The word san in Japanese names is an honorary title used to show If you’ve got any questions or comments that you would like to make, then please feel free to do so in the section below. A male might address female inferiors by "~ kun," usually in schools or companies. So now I have 7 words in my Japanese vocabulary! The first usage is related to people, and the second is related to animals. Hey thanks! How to Use "San," "Kun" and "Chan" Correctly When Speaking Japanese. He has always been interested in learning more. "San," "kun," and "chan" are added to the ends of names and occupation titles to convey varying degrees of intimacy and respect in the Japanese language. The change from san to chan is a kind of "baby talk" in Japanese where "sh" sounds are turned into "ch" sounds, such as chitchai for chiisai, "small". #3 Get My eBook (Secrets to Learning Japanese) for Free. Because it is the most common honorific, it is also the most often used to convert common nouns into proper ones, as seen b… While animals are probably the most common non-human to get さん added to them, there are of course others as well. San in names is not related to the san For example, if you see a cute robot in a store, you could address him as ロボットさん (robotto san) for Mr. See What is the name of Mount Fuji? name. San . Vissa ändelser används vid vardagligt tilltal, andra för att visa extra hövlighet och … The first is the number 3 which is written as 三 (san). Nick, Generally speaking, you would use this word for people who are equal to you or above you in social status. in English. I won’t say that I covered everything, as there are more examples that could have been added, and even more Japanese words that are read as “san” but have different meanings. used both for men and for women, and it does not distinguish between In the tables below, you'll see how and when it is appropriate to use "san," "kun," and "chan.". It is not used with one's own name. Once such phrase is ご苦労さん (go kurou san) which means “I appreciate your efforts” and is generally used to thank someone after they have worked hard and accomplished something. in the name of mountains, which coincidentally are also called "san" San comes after the name, so a person with the surname Tanaka is
One of the girls yells out to him to stop. I will show this to my husband since he picks up languages very well and he knows some Japanese. In Japanese, "~ san （～さん）" is a title of respect added to a name.
The word 運転士 (untenshi) means “professional driver” and is usually in reference to a taxi driver or a train driver. Many times in English when we encounter an animal whose name we don’t know, we will refer to them by saying the word “Mr.” along with their animal name. Using Japanese Honorific Titles (E.g. married or unmarried, so it means all of "Mr", "Mrs", "Miss" and "Ms." Do Not: Refer to yourself as [your name]-san. Get My eBook (Secrets to Learning Japanese) for Free. It can be used in formal and (somewhat) informal situations.
For example, if you see a turtle walking across your lawn while you’re eating lunch on the porch, you might wave to him and say something like “Hello Mr. For example, I was watching an episode of School Rumble the other day and there’s a scene where two of the girls are taking a giraffe for a walk when it bolts and starts running away.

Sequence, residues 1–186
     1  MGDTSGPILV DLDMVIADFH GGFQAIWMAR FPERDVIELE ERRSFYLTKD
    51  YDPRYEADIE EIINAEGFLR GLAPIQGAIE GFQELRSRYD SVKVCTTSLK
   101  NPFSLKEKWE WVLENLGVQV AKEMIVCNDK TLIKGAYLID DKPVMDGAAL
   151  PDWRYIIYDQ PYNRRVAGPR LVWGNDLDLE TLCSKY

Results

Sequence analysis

respect to the person being mentioned. Other Words For “San” There are a couple of other words in Japanese that are pronounced “san” and I thought it would be nice to cover the most common ones now. referred to as Tanaka-san, with the san following the name. What is the difference between san, sama, kun and chan? Yes, I have heard “san” in the context of honor, but didn’t know how rich and diverse this one word is. In Japanese, "~ san （～さん）" is a title of respect added to a name.
Japanska titlar innebär att det som regel i det japanska språket används specifika tilltalsord som suffix till namn på framför allt personer men ibland även till organisationer och föremål. In Japanese, it’s a similar story. It is 酸 (san) which is the Japanese word for “acid.”. So that means you’d attached it to the name of your co-workers, your boss, and people whom you have just met and are your acquaintances. You site could be very helpful for him. Hey Rori, yeah it’s pretty interesting how many different Japanese words sound the same. I think it’s because the language doesn’t have as many different sounds in it as others do. The rule for Japanese society is to be respectful towards others and humble about yourself. Takana” or “Mrs. But perhaps the two most common “positions” that this word gets added to are the Japanese words for mother and father. San comes after the name, so a person with the surname Tanaka is referred to as Tanaka-san, with the san following the name.
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Another is the suffix 山 (san) which gets added onto the names of mountains and is equivalent to our “Mt.” which means “mount” in English.
as well as "yama" in Japanese. San (さん), sometimes pronounced han (はん) in Kansai dialect, is the most commonplace honorific and is a title of respect typically used between equals of any age. for full details. A very familiar term, "~ chan （～ちゃん）" is often attached to children's names when calling them by their given names. A final thing that I wanted to talk about in this section is that the word さん can also be added onto certain professions as a way of politely addressing someone. It can also be attached to the name of occupations and titles. You may find it difficult to choose the correct form from the long list of Japanese honorifics. It can be used with both male and female names, and with either surnames or given names.